Snapshots by Gloria Freeland - Nov. 4, 2005


There's nothing quite like the first hard freeze of the season to push me into action. I spent a good portion of Saturday on a ladder cleaning gutters while Art was busy with a woodworking project below. I doubt that he would have heard me scream over the noise of the saw had the ladder started slipping, but he might have seen me as I passed by.

But in spite of my fear of heights, I did OK.

That was one big job to check off my to-do list. But, alas, the list seems endless: drain and store garden hoses; cover the deck furniture; plant those day lilies and mums that I bought weeks ago; clean the humidifier; replace the furnace filter; put the shorts away and bring out the sweaters.

Ah, "Indian summer" - that time of year when the brilliant autumn colors, the misty mornings and crisp nights and the glorious sunshine work together to set us into action mode to prepare for the cold days ahead.

Indian summer can arrive any time from late September through November and it is triggered by the first frost of the fall, according to State of Kansas climatologist Mary Knapp. Indian summer is a string of warm, dry days and cool nights following an autumn freeze.

As is the case with many topics, I wanted to know more about Indian summer so I did an Internet search.

I found that the first known reference to Indian Summer appeared in a 1778 letter written by French essayist and colonial agriculturist Jean de Crèvecoeur: "Then a severe frost succeeds which prepares [the earth] to receive the voluminous coat of snow which is soon to follow; though it is often preceded by a short interval of smoke and mildness, called the Indian Summer."

Although no one knows for sure what de Crèvecoeur's reference to smoke meant, a couple of theories are that at this time of year, the Native Americans set fires to drive game out of hiding or to prepare grasslands for the next spring's planting.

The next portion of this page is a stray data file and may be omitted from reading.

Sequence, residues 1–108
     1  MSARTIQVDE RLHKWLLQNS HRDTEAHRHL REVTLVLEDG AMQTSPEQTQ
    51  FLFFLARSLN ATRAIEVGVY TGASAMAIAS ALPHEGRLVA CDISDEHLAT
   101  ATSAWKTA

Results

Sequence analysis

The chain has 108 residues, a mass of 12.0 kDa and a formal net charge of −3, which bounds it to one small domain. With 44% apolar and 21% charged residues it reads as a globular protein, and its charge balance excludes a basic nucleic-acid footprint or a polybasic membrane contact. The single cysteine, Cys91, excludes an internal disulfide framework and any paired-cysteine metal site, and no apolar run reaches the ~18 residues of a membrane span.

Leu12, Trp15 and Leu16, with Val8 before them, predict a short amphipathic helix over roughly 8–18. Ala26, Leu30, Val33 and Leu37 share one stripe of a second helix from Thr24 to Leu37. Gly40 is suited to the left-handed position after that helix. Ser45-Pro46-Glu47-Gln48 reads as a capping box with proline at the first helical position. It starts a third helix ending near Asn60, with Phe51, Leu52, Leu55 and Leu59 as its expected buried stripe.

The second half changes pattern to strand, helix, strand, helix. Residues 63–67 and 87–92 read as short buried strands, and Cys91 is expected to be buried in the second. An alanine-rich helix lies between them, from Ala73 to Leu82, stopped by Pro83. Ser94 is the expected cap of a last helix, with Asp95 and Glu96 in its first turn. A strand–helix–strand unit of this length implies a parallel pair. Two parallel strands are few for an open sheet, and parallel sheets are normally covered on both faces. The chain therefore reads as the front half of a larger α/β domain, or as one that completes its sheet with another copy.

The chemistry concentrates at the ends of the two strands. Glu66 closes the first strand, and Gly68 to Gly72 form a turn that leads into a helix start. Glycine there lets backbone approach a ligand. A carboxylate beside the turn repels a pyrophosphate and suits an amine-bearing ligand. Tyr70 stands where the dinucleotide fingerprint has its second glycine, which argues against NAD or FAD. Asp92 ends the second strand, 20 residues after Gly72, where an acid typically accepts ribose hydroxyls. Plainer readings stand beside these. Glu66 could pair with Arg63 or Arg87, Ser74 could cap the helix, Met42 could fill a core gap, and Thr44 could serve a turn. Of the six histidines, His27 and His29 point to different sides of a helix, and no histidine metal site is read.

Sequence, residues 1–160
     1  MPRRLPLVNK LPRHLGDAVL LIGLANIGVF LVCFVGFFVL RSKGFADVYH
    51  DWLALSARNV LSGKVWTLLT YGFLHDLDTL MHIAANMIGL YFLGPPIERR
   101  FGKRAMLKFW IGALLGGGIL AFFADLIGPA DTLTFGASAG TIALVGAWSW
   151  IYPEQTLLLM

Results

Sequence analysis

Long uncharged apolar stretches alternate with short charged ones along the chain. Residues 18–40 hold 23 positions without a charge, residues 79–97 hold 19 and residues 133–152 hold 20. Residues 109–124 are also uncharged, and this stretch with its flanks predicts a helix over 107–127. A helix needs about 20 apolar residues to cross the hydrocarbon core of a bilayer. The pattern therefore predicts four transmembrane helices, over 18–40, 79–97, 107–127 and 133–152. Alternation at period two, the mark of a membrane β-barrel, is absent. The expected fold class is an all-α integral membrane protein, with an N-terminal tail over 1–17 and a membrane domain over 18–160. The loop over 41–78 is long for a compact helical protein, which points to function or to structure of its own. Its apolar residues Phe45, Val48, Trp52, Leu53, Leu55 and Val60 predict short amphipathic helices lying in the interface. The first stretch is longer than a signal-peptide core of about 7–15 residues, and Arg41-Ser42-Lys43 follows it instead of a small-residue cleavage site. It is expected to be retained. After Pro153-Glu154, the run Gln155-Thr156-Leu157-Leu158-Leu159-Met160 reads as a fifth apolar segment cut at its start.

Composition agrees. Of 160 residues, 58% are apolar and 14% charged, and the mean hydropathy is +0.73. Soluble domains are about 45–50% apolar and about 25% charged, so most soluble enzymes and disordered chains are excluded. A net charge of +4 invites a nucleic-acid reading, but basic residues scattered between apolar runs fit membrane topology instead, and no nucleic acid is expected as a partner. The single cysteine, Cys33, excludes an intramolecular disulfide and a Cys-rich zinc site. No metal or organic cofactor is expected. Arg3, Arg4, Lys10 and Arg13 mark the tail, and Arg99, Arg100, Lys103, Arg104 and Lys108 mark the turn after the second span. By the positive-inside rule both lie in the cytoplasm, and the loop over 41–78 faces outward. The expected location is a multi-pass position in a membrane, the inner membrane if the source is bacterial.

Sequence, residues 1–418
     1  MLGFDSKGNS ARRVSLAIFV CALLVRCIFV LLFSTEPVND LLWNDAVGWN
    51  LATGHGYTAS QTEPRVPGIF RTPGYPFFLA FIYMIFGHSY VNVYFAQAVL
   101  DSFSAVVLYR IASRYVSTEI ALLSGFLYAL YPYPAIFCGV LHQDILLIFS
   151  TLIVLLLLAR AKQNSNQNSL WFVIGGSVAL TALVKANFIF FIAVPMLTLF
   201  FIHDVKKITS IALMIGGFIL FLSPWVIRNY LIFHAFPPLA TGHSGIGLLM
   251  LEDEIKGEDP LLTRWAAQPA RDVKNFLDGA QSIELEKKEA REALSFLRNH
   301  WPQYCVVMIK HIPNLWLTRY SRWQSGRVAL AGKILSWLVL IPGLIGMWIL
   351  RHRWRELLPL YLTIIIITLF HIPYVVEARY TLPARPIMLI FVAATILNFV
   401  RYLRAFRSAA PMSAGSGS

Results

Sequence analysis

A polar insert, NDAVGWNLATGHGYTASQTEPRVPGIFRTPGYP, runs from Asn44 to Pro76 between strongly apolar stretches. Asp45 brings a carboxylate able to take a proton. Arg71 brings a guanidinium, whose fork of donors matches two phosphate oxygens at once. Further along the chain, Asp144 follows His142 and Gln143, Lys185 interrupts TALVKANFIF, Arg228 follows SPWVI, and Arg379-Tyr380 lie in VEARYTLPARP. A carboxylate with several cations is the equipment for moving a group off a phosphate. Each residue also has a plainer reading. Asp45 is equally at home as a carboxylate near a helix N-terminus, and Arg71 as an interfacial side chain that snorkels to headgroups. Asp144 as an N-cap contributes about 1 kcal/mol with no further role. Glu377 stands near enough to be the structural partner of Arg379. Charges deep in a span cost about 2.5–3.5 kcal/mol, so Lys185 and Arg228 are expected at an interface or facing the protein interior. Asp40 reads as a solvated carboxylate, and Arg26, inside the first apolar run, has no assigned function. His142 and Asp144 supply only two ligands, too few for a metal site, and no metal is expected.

According to New England Native American folklore, Indian summer is sent on a southwest wind from the spirit Countantowit.

A Christian Science Monitor article gave the term a more scientific explanation: it occurs "when a polar air mass stagnates in the East. As cool air lingers and inhibited vertical flow concentrates dust and smoke near the ground, a clockwise rotation of wind pulls much warmer air from the deep South and Southwest."

A more remote origin links the term with the marine shipping trade in the Indian Ocean. During the fair weather season, ships carried extra cargoes. To determine safe load limits, the mariners marked their hulls with the initials I.S. for Indian Summer to indicate the safe loading line for this period. How this term relates to autumn weather on the other side of the globe is uncertain.

Whatever the origin of the term, this autumn weather event isn't limited to North America. European folklore has Indian summer equivalents: "old wives' summer;" "halcyon days" and even "God's gift to Poland."

In Germany and northern Europe, Roman Catholics commemorate St. Martin of Tours - a bishop of the Middle Ages - with the feast day of Martinmas on Nov. 11. For country people, Martinmas is a time to relax after the harvest, so they refer to autumn's temperate climate as a Martinmas summer or St. Martin's summer.

Whatever its origin, all I really want to do is find a big pile of crunchy leaves and jump in - after I complete my list of autumn chores.

On second thought, why let chores interfere? I think I'll do that first!

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